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Tea if by sea, cha if by land: Why the world only has two words for tea
"With a few minor exceptions, there are really only two ways to say “tea” in the world. One is like the English term—té in Spanish and tee in Afrikaans are two examples. The other is some variation of cha, like chay in Hindi.

Both versions come from China. How they spread around the world offers a clear picture of how globalization worked before “globalization” was a term anybody used. The words that sound like “cha” spread across land, along the Silk Road. The “tea”-like phrasings spread over water, by Dutch traders bringing the novel leaves back to Europe."
history_of_trade  history_of_economics  linguistics  history_of_language  language 
2 days ago by hallucigenia
Softer, processed foods changed the way ancient humans spoke
Our research shows that labiodental sounds – such as "f" and "v," which are made by raising the bottom lip to the upper teeth – began to arise only after the transition to agriculture, between 10,000 and 4,000 years ago (depending on the world region).

While labiodentals are rather common today and appear in roughly half of the world's languages, we show that in the case of Indo-European languages, they've been innovated mainly since the Bronze Age.

All primates start with an overbite and overjet bite configuration – colloquially a scissors bite – both with their baby teeth and their permanent teeth. Then a traditional diet of tough foods naturally develops the scissors bite of a young individual into an edge-to-edge bite by adulthood.

The invention of food processing technologies – like milling and fermentation – that gained steam with the development of agriculture allowed people to move toward a softer diet. And those softer foods meant people retained the scissors bite well into adulthood. For example, the archaeological evidence shows adult skulls with the scissors bite as early as 4,300 years ago in what is today Pakistan.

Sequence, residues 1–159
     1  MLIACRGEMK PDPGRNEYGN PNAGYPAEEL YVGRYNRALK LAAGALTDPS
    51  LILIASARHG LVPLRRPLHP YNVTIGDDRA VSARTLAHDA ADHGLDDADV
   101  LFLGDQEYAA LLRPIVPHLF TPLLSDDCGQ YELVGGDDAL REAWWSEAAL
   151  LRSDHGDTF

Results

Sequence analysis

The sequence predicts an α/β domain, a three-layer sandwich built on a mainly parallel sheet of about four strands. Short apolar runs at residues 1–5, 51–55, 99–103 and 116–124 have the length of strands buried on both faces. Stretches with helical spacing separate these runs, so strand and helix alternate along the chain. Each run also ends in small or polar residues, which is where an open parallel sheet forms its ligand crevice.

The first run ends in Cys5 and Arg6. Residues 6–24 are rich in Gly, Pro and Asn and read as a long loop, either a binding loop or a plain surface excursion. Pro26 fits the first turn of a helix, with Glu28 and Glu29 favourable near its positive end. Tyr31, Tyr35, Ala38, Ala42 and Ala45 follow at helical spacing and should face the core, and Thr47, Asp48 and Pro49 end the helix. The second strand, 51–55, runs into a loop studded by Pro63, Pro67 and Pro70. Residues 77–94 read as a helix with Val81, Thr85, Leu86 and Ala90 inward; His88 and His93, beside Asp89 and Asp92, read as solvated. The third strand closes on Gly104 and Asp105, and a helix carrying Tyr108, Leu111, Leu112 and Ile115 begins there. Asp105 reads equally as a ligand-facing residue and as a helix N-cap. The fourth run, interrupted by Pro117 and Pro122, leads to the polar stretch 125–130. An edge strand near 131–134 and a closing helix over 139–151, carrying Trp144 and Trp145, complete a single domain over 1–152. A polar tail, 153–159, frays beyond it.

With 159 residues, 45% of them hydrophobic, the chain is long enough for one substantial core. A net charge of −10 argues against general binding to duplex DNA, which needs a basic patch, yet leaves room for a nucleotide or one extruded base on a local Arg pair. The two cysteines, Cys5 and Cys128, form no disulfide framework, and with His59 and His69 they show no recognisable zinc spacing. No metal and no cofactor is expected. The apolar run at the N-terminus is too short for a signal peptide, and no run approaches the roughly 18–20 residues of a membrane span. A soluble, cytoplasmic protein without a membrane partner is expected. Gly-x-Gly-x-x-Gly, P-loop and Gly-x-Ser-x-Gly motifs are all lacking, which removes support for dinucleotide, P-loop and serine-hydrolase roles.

linguistics  anthropology  history  food 
3 days ago by campylobacter
F's and V's Might Have Appeared After Agriculture - The Atlantic
If farming helped introduce f’s and v’s 12,000 years ago, it would challenge the principle that humans’ language abilities haven’t significantly changed since we first learned to speak.
linguistics  society  principle  farming  pronunciation  evolution 
3 days ago by vloux
Vowel but not consonant identity and the very informal English lexicon
Certain classes of obscenities have constraints not otherwise present in english, but present in other languages, suggesting some universal constraints?
language  english  linguistics  shitgibbons 
3 days ago by asteroza
Gemination - Wikipedia
As a historical restructuring at the phonemic level, word-internal long consonants degeminated in Western Romance languages: e.g. Spanish /ˈboka/ 'mouth' vs. Italian /ˈbokka/, which continue Latin geminate /kk/.
linguistics  phonetics 
5 days ago by jberkel
David Bowles – Medium
[via: Mexican X Part X: What the Hex a ‘Latinx’? ]

[some of the contents:

Mexican X Part I: Why Is México Pronounced Méjico?

Mexican X Part II: ¡Hijo de su Mexica Equis!

Mexican X Part III: Dude, Where’s My Xocolate?

Mexican X Part IV: You Say “Tomato,” I Say You’re Missing a Syllable, Bro!

Mexican X Part V: Rise of the Bruxa

Mexican X Part VI: And the Xicanos, Ese?

Mexican X Part VII: The Curse of Malinalxochitl

Mexican X Part VIII: ¿Qué Onda, Xavo?

Mexican X Part IX: True Chiefs and False Friends in Texas

Mexican X Part X: What the Hex a ‘Latinx’?

Mexican X Part XI: Rise of a New X

Mexican X Part XII: Xochihuah and Queer Aztecs

Mexican X-plainer: Tolkien, Sephardim, and Northern Mexican Spanish

Mexican X-plainer: Tacos, Not Tlahcos

Mexican X-plainer: Al-Andalus & the Flour Tortilla

Mexican X-plainer: Is “Cigarette” Mayan?

Mexican X-plainer: The Aztec Calendar(s)

Mexican X-Plainer: Mustachioed Racists?

Mexican X-plainer: Balls, Nuts & Avocados

Mexican X-plainer: Chiclets & Aztecs

Nahuatl, the Past, and the Future

Nahuatl’s Lack of Grammatical Gender

Feminist Nahuatl Lexicon, Part I

Anti-Trump Nahuatl Lexicon

Retranslating Nezahualcoyotl ]
davidbowles  x  latinx  mexico  language  spanish  nahuatl  español  2017  2018  2019  history  etymology  aztec  linguistics 
9 days ago by robertogreco

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